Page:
For years, James Cameron has been telling everyone who would listen (mostly his army of high-priced whores) that a lot of the early problems people had with 3D – that it required slower cuts and camera movements because of strobing and blurring – could be solved with higher frame rates, which is relatively easy to accomplish (your TV is already capable of doing much higher than film’s 24 frames per second, for instance). Peter Jackson explained last year:
Looking at 24 frames every second may seem ok–and we’ve all seen thousands of films like this over the last 90 years–but there is often quite a lot of blur in each frame, during fast movements, and if the camera is moving around quickly, the image can judder or “strobe.”
Shooting and projecting at 48 fps does a lot to get rid of these issues. It looks much more lifelike, and it is much easier to watch, especially in 3-D.
Jackson put his money where his beardy mouth is, shooting The Hobbit at 48 fps, and today Warner Bros debuted some of the footage at CinemaCon.
Peter Jackson said in a videotaped message that he hopes his movie can be played in 48fps in “as many cinemas as possible” when it opens on Dec. 14.
In his message, Jackson stated that higher frame rates could make cinema “more attractive,” especially in 3D as it is “more gentle on the eyes.” He added that 2D at 48fps also looks “fantastic.”
The clarity Jackson described was visible in the presentation, but since the clips were described as “a work in progress” Warner did not screen footage that was fully color-corrected, or featuring completed VFX work.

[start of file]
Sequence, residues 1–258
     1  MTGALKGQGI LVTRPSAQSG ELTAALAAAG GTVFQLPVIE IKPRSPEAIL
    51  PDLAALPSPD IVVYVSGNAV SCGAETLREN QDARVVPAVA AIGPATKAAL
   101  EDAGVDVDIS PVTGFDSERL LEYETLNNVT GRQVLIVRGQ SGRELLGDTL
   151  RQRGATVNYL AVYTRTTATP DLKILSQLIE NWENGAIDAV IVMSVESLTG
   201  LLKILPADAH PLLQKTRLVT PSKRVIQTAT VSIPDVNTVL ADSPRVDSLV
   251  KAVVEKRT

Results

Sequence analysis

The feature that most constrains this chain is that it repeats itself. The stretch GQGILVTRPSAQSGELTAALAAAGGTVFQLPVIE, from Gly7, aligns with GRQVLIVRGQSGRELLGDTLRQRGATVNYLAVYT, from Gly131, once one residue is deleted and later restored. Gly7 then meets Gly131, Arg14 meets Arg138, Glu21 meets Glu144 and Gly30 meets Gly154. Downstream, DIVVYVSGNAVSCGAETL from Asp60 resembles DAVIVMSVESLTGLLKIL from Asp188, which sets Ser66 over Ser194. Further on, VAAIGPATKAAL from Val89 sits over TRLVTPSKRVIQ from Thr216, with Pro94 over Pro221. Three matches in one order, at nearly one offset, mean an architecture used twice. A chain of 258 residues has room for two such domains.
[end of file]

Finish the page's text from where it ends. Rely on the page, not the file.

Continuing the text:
And if I could sum up the collective reaction, I’d say it’s something along the lines of “OH MY GOD A WITCH, BURN IT!”
Saw the 10 minutes of raw The Hobbit footage in 48FPS 3D. Intriguing, the footage looks amazing, but the 48FPS experience is an odd change. – Alex Billington, Firstshowing
Oh no. Not a fan of 48fps. Oh no no no. [...] Listening to Cinemacon people – theater owners – this 48fps demo sold NOBODY. [...] THE HOBBIT, frankly, did not look cinematic. -Devin Faraci, BadassDigest
Saw ten minutes of Hobbit in 48fps 3D. Very exciting, but I’m now very unsure about higher framerates #CinemaCon -Peter Sciretta, SlashFilm
Saw 10 min of THE HOBBIT in 48fps. It’s def a drastic change from 24fps and many are not going to be on board with it. #thehobbit -Steve Weintraub, Collider
I had a feeling this 48fps stuff was gonna just look like amped up 120Hz on an HDTV, which looks awful. Seems to potentially be the case. -Kris Tapley, InContention
The fact is that 48 fps 3D is the most startlingly “real” 3D I’ve ever seen in my life. The downside for older types is that it’s too real. [...] In a word, 48 fps 3D looks like high-def video. It doesn’t look “cinematic”, lacking that filtered or gauzy look we’re all accustomed to. -Jeff Wells, HollywoodElsewhere
All of you clever critics there and not one person had the wherewithal to say, “Frame Rate? More like FRAME RAPE!” I mean talk about a missed opportunity.
Anyway, that seemed to be the general consensus from Twitter. Have you ever tried to watch an old movie on Blu-Ray and it looks all weird like a soap opera (yes, you can fiddle with the settings to make it better)? I get the feeling it’s like that. Something to get used to. Meanwhile, Rebecca Murray of About.com writes:
It’s literally like being on the set next to the actors as they’re performing. [...] Once audiences get to see The Hobbit screened at the 48 frames per second rate when it’s released in theaters on December 14, 2012, I can guarantee moviegoers are going to demand all films be presented at 48 fps.
So there you have it, 48fps is either doomed to fail or the new standard all films must follow. Isn’t the echo chamber fun?
[picture source: THR]
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